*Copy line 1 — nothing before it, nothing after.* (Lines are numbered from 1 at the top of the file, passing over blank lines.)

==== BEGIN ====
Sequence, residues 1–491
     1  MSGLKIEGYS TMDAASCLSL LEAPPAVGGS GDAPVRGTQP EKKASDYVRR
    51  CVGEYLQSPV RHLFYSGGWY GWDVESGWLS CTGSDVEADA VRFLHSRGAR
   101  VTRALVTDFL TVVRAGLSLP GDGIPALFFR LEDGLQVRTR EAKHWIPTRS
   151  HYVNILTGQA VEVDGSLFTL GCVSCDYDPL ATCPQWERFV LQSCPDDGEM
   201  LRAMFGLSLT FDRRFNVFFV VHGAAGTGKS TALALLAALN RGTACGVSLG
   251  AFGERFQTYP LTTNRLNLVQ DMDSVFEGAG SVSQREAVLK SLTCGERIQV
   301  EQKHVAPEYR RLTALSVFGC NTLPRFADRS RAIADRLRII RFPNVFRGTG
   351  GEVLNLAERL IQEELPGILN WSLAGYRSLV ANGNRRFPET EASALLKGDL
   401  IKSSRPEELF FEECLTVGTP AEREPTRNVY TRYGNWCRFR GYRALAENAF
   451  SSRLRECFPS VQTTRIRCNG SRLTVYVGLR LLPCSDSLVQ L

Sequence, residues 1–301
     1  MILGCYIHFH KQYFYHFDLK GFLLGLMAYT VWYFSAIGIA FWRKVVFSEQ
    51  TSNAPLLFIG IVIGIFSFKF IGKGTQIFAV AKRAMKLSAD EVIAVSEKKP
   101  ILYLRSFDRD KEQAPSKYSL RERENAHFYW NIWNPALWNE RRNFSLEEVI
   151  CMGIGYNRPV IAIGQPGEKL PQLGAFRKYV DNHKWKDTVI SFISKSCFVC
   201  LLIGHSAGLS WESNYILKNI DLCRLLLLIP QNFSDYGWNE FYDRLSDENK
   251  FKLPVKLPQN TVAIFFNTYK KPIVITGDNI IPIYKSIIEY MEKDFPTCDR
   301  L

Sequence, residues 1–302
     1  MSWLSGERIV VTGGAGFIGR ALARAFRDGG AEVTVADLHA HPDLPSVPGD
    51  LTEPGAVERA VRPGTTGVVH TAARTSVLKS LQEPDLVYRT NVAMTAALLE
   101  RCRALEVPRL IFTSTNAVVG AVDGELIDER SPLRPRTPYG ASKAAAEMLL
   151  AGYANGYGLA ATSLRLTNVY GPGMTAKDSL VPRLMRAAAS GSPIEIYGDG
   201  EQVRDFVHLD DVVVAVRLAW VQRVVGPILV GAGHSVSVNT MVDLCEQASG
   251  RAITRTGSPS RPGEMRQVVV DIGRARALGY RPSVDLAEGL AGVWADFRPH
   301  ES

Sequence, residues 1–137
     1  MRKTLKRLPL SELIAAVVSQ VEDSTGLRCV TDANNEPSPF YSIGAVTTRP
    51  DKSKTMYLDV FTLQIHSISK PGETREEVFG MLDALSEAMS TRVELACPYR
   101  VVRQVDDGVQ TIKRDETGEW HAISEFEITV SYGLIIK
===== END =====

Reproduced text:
Sequence, residues 1–491